For her next lesson with Kavafian, Becky brings back the Chausson Poème and a pianist to accompany her. That goes well, and in the lesson after that, she plays alone again. At the end of the lesson, Kavafian tells her, “It’s just too pretty.”
“She’s completely right,” Becky says. “It’s an incredibly beautiful piece, but there are dark parts of it. I need to have a better sound — not prettier, but the best sound, and sometimes that could actually sound extremely unhealthy. Sometimes I need to scratch a little bit. I’ve been practicing trying to get it very smooth. But it’s not just pretty; it’s trying to express something much deeper than that. Ida keeps pushing to make me keep thinking — not just make it beautiful.”
During one session, the teacher tries to get Becky to create a harder, louder sound by moving her bow closer to the violin’s bridge, the small piece of wood that supports and stretches the strings over the body of the fiddle. Becky knows it would give her more power, but it also raises the danger of producing a “horrible, almost percussive sound.” The young violinist hesitates. The teacher moves in closer, and starts shouting:
Closer to the bridge! Louder!
“She gets really intense during lessons,” Becky says. “Teachers back in Portland were never like that.”
The intensity will only increase. Becky has signed up to perform Poème in a student recital program in a few weeks. “It’s my first solo recital performance at the school this year,” she says, trying to be nonchalant. “So it’s kind of a big deal.”
This school year, Curtis will present about 130 concerts, most of them recitals like Becky Anderson and a pianist onstage in the intimate, wood-paneled Field Concert Hall, part of a thrice-a-week student recital schedule that’s free and open to the public. There are also community outreach concerts for school students, and fully staged operas at the Prince Music Theater and the Kimmel’s Perelman Theater, some of which are sold out before the brochures are even printed.
The flagship for the Curtis brand is its orchestra, which this year will perform three concerts at Verizon Hall. Many years there’s a Carnegie Hall date, too. After last year’s Carnegie program, the New York Times noted that the young musicians were “energetic” and “highly polished,” but then, “you expect it of … Curtis.”
Backstage before the first concert at the Kimmel Center this fall, I wandered among the students as they warmed up. In their tuxedos and long dresses, they seemed like kids at a high-school prom — many looked more like it might be the junior prom.
When the hundred musicians took the stage, however, they grew up very quickly. “They’re not professionals,” Roberto Díaz told me later. “But we expect a lot of them. And when you think about the fact that the orchestra you heard has people in there who have only been in an orchestra for a month … They’re little kids. And they play — the smoke starts coming out.”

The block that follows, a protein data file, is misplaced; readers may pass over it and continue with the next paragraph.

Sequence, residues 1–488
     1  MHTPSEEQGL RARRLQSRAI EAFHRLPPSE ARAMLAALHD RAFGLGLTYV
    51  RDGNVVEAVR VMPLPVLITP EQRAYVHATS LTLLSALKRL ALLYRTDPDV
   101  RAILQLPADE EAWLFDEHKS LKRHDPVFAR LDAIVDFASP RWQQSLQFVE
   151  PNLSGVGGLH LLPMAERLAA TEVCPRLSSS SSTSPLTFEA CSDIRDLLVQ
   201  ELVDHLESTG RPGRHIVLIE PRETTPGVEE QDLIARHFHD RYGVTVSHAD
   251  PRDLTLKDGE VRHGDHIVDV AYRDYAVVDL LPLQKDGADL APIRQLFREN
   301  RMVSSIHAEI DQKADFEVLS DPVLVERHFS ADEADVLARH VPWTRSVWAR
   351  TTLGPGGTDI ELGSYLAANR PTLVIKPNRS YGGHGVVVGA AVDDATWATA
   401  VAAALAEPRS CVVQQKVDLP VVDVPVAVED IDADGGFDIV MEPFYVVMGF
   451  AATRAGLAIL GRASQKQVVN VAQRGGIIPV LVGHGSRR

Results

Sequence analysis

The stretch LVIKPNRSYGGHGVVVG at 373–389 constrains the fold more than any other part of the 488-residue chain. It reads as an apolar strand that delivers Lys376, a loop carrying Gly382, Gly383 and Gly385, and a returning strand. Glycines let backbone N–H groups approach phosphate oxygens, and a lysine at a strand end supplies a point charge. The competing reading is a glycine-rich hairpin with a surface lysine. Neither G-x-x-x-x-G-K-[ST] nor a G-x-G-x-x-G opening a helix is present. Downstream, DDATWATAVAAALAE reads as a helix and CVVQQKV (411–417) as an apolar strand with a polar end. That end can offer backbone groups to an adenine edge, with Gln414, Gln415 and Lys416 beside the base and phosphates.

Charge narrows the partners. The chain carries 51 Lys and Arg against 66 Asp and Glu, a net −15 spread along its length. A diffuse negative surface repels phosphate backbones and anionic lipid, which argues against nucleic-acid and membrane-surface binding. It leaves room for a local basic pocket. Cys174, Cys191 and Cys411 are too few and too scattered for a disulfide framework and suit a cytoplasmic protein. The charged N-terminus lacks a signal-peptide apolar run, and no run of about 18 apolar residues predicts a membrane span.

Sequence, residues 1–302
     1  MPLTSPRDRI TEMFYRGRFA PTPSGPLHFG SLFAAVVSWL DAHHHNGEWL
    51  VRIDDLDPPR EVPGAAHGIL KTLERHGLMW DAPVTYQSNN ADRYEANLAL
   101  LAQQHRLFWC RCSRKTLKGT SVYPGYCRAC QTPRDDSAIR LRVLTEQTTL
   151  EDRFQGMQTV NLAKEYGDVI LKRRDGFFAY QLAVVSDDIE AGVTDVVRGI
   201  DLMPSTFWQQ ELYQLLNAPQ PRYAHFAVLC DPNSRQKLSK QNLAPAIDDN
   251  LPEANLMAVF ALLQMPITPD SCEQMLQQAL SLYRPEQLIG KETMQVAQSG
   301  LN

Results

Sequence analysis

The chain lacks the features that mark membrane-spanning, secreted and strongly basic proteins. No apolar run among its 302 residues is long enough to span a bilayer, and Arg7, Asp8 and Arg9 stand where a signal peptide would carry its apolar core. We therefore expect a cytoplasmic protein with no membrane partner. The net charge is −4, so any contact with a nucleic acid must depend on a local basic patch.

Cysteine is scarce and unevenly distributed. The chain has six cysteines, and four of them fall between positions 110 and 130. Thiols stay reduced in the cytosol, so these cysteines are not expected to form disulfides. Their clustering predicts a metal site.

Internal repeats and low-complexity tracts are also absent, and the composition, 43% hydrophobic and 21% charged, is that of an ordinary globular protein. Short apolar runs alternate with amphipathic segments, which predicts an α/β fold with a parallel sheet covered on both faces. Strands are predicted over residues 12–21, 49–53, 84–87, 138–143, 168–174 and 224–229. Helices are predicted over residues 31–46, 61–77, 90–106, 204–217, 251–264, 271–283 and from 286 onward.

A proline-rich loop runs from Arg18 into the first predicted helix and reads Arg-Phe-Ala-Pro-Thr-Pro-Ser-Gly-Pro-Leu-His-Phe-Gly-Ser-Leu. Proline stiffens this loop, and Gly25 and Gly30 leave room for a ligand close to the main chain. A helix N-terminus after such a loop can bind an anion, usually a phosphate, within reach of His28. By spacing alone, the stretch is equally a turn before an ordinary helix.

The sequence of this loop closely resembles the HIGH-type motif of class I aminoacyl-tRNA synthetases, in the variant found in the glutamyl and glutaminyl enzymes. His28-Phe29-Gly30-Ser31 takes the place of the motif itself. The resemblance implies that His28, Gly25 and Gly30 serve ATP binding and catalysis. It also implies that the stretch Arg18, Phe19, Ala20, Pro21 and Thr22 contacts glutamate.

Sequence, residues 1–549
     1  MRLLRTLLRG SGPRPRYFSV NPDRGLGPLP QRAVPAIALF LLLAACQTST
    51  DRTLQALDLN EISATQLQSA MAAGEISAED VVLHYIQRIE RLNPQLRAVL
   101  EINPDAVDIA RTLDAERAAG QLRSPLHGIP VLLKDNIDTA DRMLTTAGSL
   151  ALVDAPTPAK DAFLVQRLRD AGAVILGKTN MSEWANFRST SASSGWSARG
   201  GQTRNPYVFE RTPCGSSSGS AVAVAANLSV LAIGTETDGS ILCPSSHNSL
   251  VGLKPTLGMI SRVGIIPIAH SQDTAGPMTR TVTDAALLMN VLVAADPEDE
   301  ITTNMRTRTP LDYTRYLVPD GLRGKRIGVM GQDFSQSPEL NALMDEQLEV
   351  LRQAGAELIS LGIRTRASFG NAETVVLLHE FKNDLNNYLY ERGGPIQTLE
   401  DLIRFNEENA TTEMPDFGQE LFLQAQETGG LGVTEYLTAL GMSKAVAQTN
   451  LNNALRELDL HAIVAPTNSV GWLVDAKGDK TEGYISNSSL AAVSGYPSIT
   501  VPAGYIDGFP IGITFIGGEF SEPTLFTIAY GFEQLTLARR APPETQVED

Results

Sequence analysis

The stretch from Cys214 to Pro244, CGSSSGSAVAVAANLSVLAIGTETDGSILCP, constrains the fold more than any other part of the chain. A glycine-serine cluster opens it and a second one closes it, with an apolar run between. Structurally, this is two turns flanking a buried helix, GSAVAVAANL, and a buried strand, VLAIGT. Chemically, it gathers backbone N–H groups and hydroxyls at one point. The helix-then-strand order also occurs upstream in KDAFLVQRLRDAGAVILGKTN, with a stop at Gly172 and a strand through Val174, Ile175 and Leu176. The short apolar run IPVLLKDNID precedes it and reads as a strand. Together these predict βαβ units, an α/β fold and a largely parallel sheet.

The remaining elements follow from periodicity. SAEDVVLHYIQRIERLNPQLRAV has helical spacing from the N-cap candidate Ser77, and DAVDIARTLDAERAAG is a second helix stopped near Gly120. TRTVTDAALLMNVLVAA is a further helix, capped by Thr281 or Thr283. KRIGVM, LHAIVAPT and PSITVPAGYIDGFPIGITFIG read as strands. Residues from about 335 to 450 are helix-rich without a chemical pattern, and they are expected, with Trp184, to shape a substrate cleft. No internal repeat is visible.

Actually, a number of older students have already started filling in as substitutes with the Philadelphia Orchestra. The close, if not to say slightly incestuous, links between the Orchestra and the school go back to the days of Leopold Stokowski and were fully exploited in the Eugene Ormandy era, when the maestro would regularly conduct the same program he was performing at the Academy of Music for Curtis’s Saturday-morning orchestra rehearsal. Most of the Orchestra’s first-chair players are Curtis instructors. In recent years, nearly 50 percent of the Philadelphia Orchestra has consisted of Curtis alumni.
That night’s conductor was JoAnn Falletta, who has an impressive array of recording and guest-conducting credentials and is currently music director of the Buffalo Philharmonic. She was vivid and impassioned on the podium as she led the students through Strauss’s Don Juan and then a Persian-influenced violin concerto by Behzad Ranjbaran that featured Díaz’s wife, whose performance dispelled any worries that nepotism was at work.
“This was my first time conducting at Curtis,” Falletta, a Juilliard grad, told me later. “The talent level is absolutely daunting, from the front to the back of the orchestra. That’s rare in any situation, even professional. Yes, they could use seasoning and some wisdom that comes with age. But for sheer talent, they play better than many professional orchestras.”